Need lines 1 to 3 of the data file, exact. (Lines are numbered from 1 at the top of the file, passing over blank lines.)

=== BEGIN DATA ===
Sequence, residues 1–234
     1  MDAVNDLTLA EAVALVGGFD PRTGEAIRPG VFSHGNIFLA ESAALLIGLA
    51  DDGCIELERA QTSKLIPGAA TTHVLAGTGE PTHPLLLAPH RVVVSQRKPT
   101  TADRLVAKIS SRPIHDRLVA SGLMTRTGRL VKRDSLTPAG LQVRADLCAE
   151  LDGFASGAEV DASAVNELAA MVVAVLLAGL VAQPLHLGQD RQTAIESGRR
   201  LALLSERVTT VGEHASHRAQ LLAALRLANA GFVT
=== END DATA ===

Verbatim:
Sequence, residues 1–234
     1  MDAVNDLTLA EAVALVGGFD PRTGEAIRPG VFSHGNIFLA ESAALLIGLA
    51  DDGCIELERA QTSKLIPGAA TTHVLAGTGE PTHPLLLAPH RVVVSQRKPT